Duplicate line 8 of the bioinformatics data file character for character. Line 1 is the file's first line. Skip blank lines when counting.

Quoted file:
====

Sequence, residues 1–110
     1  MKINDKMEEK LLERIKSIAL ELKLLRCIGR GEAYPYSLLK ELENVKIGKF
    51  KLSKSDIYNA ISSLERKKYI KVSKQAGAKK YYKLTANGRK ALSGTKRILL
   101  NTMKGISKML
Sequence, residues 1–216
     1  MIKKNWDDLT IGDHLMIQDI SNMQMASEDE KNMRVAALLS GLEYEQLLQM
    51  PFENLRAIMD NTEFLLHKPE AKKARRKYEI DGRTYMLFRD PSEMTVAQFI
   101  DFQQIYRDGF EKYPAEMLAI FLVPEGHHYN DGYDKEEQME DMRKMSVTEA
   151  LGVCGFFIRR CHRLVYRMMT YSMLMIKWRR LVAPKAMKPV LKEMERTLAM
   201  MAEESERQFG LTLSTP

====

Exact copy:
   101  DFQQIYRDGF EKYPAEMLAI FLVPEGHHYN DGYDKEEQME DMRKMSVTEA